How to promote your book

Once you get your baby out into the world, that’s really only the beginning. Now you have to let the world know it exists. Here is some of the marketing wisdom I’ve taken on board:

  • Realise it will most likely be up to you, as the author, to drive book sales.
  • Have an elevator pitch about your book and yourself. Try to convey what your book is about in a few sentences, and think about how to describe yourself as an author – what you want people to think of when they hear your name.
  • The book is the product, the author is the brand. You need to market both and start well ahead of publication date.
  • You need both a great story and a good work ethic. Be prepared to take on a number of roles and remember you are now in the book-SELLING business, as well as the book-writing business.
  • Brainstorm all the ways you can promote your book, including book trailers, interviews, signings, guest posts, connecting with book clubs, giveaways etc. Work out which ones you are most confident doing. Do those first – and then build up your confidence to do something outside your comfort zone too.
  • Keep an eye on other successful authors and be inspired by how they do everything – from their book covers and publicity campaigns to how they communicate with their readers.
  • If you are seeking media coverage, remember journalists are not in the book promotion business, they are looking for a newsworthy story. Think of how the story behind your book, its themes or your own life could be of interest to their audience.
  • Look for dates on the calendar that tie in with your book. Valentine’s Day is the perfect time to promote your sweet romance, or get the word out about your schoolgate comedy for Mother’s Day.
  • Do something every day to tell someone about your book.
  • In terms of social media, hang out where your target audience hangs out. Familiarise yourself with the do’s and don’t of a particular networking site.

‘The first page sells this book. The last page sells your next book.’ – Mickey Spillane

  • Blog tours are a fantastic way to get your name out there. You can either hire a blog tour company or compile your own list of bloggers to send an invitation to. When writing guest posts, pick themes from your book to inspire ideas. Don’t just write a glorified ad for your book. And make sure you fulfil all your requirements on deadline.
  • Compile a list of likely reviewers, from bookworm friends to bloggers and top Amazon reviewers. Email them well ahead of the publication date to see if they are interested in a review copy and if so, find out which format – paperback, mobi, epub or PDF – they prefer.
  • Don’t be overly pushy with your readers. Some authors will advise you to do whatever you need to to beg, plead and grovel for a review and then encourage that reviewer to share their opinion far and wide. I am not a fan of that approach – from either side of the coin. Just be happy that another person has read your book and hopefully enjoyed the experience. Let them decide what they want to do after they finish your book – no pressure. Your motto should be reviews are appreciated but not required!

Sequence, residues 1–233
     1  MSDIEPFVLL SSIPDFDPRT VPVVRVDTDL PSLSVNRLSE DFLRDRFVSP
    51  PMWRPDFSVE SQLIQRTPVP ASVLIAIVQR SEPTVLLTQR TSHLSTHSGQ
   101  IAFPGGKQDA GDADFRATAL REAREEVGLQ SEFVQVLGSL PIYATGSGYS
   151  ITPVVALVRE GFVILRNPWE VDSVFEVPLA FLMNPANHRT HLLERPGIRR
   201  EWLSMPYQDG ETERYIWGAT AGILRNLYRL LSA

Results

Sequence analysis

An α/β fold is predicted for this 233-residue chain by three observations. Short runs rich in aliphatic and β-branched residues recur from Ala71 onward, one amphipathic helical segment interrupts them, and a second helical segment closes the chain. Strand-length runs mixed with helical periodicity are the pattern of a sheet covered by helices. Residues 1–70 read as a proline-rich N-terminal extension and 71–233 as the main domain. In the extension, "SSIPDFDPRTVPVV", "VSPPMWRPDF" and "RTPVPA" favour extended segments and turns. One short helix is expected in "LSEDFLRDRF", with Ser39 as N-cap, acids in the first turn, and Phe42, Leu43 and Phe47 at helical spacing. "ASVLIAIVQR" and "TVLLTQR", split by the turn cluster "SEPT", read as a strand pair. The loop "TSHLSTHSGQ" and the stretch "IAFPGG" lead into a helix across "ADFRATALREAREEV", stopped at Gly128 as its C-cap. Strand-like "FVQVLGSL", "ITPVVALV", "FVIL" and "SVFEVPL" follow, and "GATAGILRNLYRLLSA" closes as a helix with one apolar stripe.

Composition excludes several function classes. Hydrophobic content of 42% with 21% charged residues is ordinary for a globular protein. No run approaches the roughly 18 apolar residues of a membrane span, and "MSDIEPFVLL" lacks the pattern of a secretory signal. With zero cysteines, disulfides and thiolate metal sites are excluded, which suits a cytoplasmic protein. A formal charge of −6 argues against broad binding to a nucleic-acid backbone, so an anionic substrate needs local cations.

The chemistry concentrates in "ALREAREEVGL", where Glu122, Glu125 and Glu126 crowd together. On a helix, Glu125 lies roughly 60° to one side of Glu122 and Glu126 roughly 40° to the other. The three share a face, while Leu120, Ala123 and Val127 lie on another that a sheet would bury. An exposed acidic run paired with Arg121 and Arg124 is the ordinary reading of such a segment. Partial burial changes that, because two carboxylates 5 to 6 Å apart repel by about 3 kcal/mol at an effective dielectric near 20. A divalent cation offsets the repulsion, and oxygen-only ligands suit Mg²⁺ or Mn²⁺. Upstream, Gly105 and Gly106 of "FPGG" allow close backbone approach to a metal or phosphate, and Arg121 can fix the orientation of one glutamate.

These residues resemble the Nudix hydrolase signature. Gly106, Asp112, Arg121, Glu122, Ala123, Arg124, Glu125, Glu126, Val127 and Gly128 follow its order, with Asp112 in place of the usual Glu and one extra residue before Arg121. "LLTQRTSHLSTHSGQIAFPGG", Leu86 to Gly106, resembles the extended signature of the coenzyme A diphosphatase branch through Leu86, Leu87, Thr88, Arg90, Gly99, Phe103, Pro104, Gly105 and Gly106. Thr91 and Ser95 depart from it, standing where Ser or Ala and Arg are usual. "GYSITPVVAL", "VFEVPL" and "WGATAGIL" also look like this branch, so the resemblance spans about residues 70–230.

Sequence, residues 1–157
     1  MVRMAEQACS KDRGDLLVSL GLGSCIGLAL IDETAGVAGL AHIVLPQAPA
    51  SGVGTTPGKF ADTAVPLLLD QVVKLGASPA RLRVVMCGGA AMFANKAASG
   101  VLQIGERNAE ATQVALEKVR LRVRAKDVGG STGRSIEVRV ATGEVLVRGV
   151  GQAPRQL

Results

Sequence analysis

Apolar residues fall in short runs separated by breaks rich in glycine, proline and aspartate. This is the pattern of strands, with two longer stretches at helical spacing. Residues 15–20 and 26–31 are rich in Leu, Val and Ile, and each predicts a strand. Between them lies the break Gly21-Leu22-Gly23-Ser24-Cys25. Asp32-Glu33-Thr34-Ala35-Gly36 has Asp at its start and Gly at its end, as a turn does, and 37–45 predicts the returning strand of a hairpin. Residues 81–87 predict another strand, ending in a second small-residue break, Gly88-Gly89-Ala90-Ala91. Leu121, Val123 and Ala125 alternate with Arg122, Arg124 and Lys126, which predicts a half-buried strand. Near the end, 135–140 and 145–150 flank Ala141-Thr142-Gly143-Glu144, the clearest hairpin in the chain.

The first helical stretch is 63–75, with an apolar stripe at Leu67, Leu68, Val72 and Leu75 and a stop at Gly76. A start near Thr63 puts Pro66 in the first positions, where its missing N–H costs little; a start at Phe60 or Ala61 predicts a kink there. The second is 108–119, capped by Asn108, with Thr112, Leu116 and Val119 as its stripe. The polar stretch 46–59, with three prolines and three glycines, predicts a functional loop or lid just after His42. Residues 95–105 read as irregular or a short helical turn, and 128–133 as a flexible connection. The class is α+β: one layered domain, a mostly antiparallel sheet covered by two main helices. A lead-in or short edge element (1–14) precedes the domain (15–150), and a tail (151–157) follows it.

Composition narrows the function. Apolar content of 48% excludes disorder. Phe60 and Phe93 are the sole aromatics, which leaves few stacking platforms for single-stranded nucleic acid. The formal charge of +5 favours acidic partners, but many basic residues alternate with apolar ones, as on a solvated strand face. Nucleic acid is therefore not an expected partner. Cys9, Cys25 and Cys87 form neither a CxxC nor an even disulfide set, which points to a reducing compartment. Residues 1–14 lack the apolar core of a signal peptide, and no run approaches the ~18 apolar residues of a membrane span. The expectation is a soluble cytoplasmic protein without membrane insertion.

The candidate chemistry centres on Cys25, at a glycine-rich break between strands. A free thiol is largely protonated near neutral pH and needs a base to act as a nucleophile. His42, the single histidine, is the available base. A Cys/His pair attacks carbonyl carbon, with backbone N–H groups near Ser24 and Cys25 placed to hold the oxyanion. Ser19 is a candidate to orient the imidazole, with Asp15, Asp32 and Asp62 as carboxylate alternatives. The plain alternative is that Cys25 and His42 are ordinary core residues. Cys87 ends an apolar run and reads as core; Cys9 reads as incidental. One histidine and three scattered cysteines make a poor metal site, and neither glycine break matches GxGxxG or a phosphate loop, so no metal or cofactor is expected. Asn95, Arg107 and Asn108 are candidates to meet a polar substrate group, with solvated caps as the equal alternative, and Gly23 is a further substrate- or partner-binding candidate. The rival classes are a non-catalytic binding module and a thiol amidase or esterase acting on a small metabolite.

• Be grateful for the reviews you do receive, even though you will most probably receive a lot fewer reviews than you think you should have according to your sales figures. A HECK OF A LOT LESS!
  • Ensure all aspects of your digital presence are up to date. Fill in your Amazon author profile and check that your book has been added to Goodreads.
  • Make your website your central hub, where readers can easily find information about your books, yourself, your events plus links to social media and retail sites. Adding a blog can be a good way to keep readers coming back to your website as you build your community.
  • Allow readers to have an easy way to contact you, via an email address, contact form on your website or through social media. Be approachable, not elusive.
  • If you are going the merchandising route, pick items that are useful, such as bookmarks, magnets and pens, as they are less likely to be thrown out the second you turn your back.
  • Build an email list so you can use it for promotion and to keep in touch with your readers. You can add a link to opt-in to your mailing list at the end of your book and on your website. Add a subscribe tab to your Facebook page. Think about what you can offer as an incentive for people to sign up, such as a free story, competition prizes or discount voucher.
  • Consider applying to book promotion sites such as BookBub and running a special discount period if you want to reverse lagging sales.
  • Help promote other authors – because you want to support them, not because you expect something in return.
  • Stop constantly checking your sales figures and Amazon rankings and go do something productive! NOW! 

‘Be interesting, or be invisible.’ – Andy Sernovitz

Add Comment

Your email address will not be published. Required fields are marked *